"Shoelace Necklace" is the first song to be totally pleasant, but sounds like it could fit easily on one of those early Sebadoh cassette recordings. It is nice, but it is not especially a major statement. "Coastal Highway" comes next, and is the first truly great song on the album. Justyn is definitely branching out a bit from his comfort zone on this one, and it pays off. For some reason it reminds me of Neil Young--probably just the way the singing sounds. The song delves into a guitar hook that sounds like something off of Psychic Hearts. But in a folk way. This is my primary criticism--the material would sound much better with a full band, a punk/noise band. But "Coastal Highway" would not be magnified by a full group. It is at full strength the way it is.
"Direction is Round" is another song that works on the album, though not to the degree of "Coastal Highway"--more like to the degree of "Shoelace Necklace." My other basic complaint about this album is the production--yes, the nature setting is nice, but underused. But this is what separates amateurs from professionals. You can always tell the difference between your friend's band and say, Clap Your Hands Say Yeah, or even Wavves, bands that supposedly break out while doing everything D.I.Y. Guided by Voices are probably the only band that really did sound "lo-fi" and unpolished when first noticed. Production is unimportant, it seems, when people like Beck or Lou Barlow can record their own album on a four-track and be totally great. But no one would really listen to those recordings if they hadn't already heard the more "hi-fi" stuff--You're Living All Over Me or Odelay. If I am supposedly drawing comparisons to Justyn then it is inutile as the French might say.
"L#A#N#D" is probably the most notable song on the album, and is either the most annoying or most enjoyable thing on the album. I think it is nice, and simple, and well-constructed. I don't really understand the lyrics but it seems like they might be about Christianity. "Even if Your Road Leads Down" is a bit different, and definitely works--certainly darker than anything on the album up to this point. And perhaps makes me think about art, and failure. When I saw the artwork for the album, I told Justyn it was very "confrontational." And he asked in what sense, and I said, "In the sense that, with the title 'Swan Song,' you're leading people to believe that it's the last thing you'll do musically. But the spray paint across the 'ong' is like saying, 'No, I'm not ready to quit yet.'"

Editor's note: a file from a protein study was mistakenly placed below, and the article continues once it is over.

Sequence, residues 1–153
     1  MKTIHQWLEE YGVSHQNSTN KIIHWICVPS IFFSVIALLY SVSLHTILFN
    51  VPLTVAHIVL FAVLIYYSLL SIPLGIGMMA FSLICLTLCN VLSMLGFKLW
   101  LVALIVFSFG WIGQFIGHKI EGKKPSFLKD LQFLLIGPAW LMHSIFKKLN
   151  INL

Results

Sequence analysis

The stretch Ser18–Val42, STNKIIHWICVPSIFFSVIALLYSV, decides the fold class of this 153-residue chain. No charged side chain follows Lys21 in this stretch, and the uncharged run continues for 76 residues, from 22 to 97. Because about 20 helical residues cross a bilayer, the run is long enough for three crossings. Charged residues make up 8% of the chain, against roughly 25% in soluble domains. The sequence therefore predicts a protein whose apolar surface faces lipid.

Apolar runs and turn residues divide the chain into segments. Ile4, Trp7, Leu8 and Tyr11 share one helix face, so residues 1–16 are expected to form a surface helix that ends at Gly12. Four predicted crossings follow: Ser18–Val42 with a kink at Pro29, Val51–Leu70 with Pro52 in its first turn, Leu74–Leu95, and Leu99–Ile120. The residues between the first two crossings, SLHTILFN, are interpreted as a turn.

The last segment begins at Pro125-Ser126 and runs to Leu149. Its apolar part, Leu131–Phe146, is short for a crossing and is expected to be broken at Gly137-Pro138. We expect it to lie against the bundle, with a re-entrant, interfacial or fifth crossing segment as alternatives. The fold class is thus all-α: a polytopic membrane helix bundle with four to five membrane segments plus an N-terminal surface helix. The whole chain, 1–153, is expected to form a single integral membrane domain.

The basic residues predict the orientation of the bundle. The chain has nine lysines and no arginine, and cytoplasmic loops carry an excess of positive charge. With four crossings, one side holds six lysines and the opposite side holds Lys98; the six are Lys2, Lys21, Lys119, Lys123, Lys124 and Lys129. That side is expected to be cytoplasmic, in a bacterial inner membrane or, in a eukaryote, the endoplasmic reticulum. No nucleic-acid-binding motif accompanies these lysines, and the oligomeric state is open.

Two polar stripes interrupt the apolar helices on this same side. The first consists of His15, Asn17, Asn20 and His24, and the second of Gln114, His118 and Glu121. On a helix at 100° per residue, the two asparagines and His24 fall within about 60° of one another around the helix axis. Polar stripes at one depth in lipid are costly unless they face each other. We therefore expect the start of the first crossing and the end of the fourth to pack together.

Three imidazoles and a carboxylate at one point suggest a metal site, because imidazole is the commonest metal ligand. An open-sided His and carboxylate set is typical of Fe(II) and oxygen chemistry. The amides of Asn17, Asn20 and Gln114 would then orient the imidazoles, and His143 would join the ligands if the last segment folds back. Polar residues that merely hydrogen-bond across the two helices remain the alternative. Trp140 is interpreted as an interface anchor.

"Lorraine" makes me think of a more clever and less listenable song by Ozma about a character from the Back to the Future movies, and as it is, it is totally decent, but doesn't leave much of an impression. That is not the case for the final track, "When the Tension's Gone," which sounds a bit like Pavement to me, and is arguably the best single song just Justyn has ever recorded. That it is quiet and mournful is a shame for the modern rock radio stations of today that could play Justyn's much buzzed-about new single...It is the perfect way to cap off the album as it is. Yes, it reminds me of "Here."
There's not much more I could say that I haven't already intimated. Yes, this is Justyn's best work yet, and he has good reason to be proud of it, but it's not really the type of music I usually like (folk) and I don't think many people are going to be able to get into it. I think people need a reason to like their bands--i.e. they are not usually very good reasons. Like, people like Lady Gaga because she is catchy and cool, or people like Animal Collective because they are "music for intellectuals," or something, and people like Deerhunter or Girls because they are provocative, and people like the Pains of Being Pure at Heart because they are the closest equivalent of My Bloody Valentine, or people like Jack Johnson because he reminds them of just kicking back with friends, smoking a j, having a beer, and talking about what is good in life, or people like New Order because they are an awesome band for the dance element, or people like Weezer because they have a crush on Rivers Cuomo. The reason people would like Justyn with a Y is because it would be music to put on a mixtape for the person you have a crush on. But it is too difficult to be that kind of music. It is original, and it could only be made by Justyn, and I do not think it is going to open the door to an especially lucrative career in music, but it is his most accomplished work to date, and something that, if he could build upon it, might find a way to attract a larger body of listeners.